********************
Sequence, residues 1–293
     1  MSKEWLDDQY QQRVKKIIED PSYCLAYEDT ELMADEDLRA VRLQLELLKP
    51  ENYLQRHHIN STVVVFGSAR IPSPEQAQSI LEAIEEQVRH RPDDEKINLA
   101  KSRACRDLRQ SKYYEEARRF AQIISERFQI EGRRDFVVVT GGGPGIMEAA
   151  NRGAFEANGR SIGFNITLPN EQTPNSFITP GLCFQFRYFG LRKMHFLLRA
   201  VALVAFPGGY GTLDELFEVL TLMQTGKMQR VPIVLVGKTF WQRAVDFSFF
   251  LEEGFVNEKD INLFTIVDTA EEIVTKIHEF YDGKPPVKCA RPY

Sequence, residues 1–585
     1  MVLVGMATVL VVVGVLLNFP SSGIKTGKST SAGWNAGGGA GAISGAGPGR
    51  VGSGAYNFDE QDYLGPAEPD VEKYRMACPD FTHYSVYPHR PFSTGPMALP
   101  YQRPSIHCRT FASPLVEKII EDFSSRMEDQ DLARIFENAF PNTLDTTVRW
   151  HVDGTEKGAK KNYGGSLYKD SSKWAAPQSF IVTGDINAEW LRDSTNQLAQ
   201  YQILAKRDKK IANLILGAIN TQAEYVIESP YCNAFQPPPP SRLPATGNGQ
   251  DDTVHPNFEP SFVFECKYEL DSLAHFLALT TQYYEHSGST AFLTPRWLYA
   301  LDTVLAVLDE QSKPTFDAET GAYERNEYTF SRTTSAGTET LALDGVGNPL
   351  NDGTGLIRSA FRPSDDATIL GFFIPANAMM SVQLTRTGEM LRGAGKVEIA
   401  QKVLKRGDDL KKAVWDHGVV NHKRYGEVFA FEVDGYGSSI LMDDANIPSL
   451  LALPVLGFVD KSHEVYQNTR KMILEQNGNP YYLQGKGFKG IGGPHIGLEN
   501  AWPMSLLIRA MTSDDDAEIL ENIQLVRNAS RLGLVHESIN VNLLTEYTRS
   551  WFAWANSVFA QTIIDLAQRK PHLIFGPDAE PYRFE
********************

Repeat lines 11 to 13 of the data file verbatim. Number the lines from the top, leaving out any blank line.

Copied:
   101  YQRPSIHCRT FASPLVEKII EDFSSRMEDQ DLARIFENAF PNTLDTTVRW
   151  HVDGTEKGAK KNYGGSLYKD SSKWAAPQSF IVTGDINAEW LRDSTNQLAQ
   201  YQILAKRDKK IANLILGAIN TQAEYVIESP YCNAFQPPPP SRLPATGNGQ